A Sort Of A Song

 Let the snake wait under
his weed
and the writing
be of words, slow and quick, sharp
to strike, quiet to wait,
—through metaphor to reconcile the people and the stones.
(No ideas but in things) Invent! Saxifrage is my flower that splits the rocks.

Written by William Carlos (WCW) Williams | Create an image from this poem

from Asphodel That Greeny Flower

 Of asphodel, that greeny flower,
 like a buttercup
 upon its branching stem-
save that it's green and wooden-
 I come, my sweet,
 to sing to you.
We lived long together a life filled, if you will, with flowers.
So that I was cheered when I came first to know that there were flowers also in hell.
Today I'm filled with the fading memory of those flowers that we both loved, even to this poor colorless thing- I saw it when I was a child- little prized among the living but the dead see, asking among themselves: What do I remember that was shaped as this thing is shaped? while our eyes fill with tears.
Of love, abiding love it will be telling though too weak a wash of crimson colors it to make it wholly credible.
There is something something urgent I have to say to you and you alone but it must wait while I drink in the joy of your approach, perhaps for the last time.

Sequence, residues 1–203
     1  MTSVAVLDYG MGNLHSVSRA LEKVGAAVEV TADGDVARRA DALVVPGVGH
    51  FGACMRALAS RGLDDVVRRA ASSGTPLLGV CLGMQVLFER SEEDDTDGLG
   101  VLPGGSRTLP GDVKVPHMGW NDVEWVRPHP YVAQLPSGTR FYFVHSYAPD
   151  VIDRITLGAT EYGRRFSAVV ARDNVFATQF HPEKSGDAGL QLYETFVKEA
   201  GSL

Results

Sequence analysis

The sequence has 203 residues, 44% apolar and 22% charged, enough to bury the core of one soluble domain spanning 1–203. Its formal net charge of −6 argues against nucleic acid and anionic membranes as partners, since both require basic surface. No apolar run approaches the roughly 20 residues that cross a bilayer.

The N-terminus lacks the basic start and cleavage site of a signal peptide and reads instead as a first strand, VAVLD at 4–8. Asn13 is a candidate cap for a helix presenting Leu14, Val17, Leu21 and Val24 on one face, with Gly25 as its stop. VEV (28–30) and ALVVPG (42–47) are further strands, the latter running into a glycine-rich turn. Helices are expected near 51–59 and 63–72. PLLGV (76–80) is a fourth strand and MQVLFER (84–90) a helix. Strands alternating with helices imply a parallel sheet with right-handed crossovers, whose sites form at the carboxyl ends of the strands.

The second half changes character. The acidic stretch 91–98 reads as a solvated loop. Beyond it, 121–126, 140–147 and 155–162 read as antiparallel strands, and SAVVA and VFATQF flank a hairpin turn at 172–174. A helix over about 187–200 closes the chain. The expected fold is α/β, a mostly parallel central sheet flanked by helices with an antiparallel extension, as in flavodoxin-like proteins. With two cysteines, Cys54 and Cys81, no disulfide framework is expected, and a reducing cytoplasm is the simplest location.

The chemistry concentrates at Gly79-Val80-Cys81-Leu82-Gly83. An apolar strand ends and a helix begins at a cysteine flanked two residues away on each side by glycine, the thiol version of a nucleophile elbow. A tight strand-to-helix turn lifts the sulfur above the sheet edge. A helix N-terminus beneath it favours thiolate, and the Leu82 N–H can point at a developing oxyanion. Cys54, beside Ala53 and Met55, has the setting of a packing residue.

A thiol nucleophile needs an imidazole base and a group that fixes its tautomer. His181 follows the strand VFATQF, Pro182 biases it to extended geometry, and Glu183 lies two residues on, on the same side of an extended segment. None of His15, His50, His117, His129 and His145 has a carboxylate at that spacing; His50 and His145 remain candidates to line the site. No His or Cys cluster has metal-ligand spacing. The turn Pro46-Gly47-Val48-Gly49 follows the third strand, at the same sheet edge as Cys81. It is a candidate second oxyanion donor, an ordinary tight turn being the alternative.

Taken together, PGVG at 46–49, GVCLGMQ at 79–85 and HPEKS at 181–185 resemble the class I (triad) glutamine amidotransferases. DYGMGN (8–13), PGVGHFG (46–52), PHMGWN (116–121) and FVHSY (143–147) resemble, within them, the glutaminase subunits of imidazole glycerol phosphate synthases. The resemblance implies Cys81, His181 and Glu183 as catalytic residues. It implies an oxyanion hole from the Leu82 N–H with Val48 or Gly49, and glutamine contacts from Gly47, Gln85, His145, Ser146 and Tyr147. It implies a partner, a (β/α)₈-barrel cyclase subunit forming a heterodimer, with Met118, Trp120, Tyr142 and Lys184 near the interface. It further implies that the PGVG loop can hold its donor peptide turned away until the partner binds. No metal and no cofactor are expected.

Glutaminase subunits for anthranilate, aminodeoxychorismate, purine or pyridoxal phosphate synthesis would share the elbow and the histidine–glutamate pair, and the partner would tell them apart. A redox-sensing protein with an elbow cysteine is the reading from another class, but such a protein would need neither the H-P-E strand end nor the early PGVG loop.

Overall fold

And so with fear in my heart I drag it out and keep on talking for I dare not stop.
Listen while I talk on against time.
It will not be for long.
I have forgot and yet I see clearly enough something central to the sky which ranges round it.
An odor springs from it! A sweetest odor! Honeysuckle! And now there comes the buzzing of a bee! and a whole flood of sister memories! Only give me time, time to recall them before I shall speak out.
Give me time, time.
When I was a boy I kept a book to which, from time to time, I added pressed flowers until, after a time, I had a good collection.
The asphodel, forebodingly, among them.
I bring you, reawakened, a memory of those flowers.
They were sweet when I pressed them and retained something of their sweetness a long time.
It is a curious odor, a moral odor, that brings me near to you.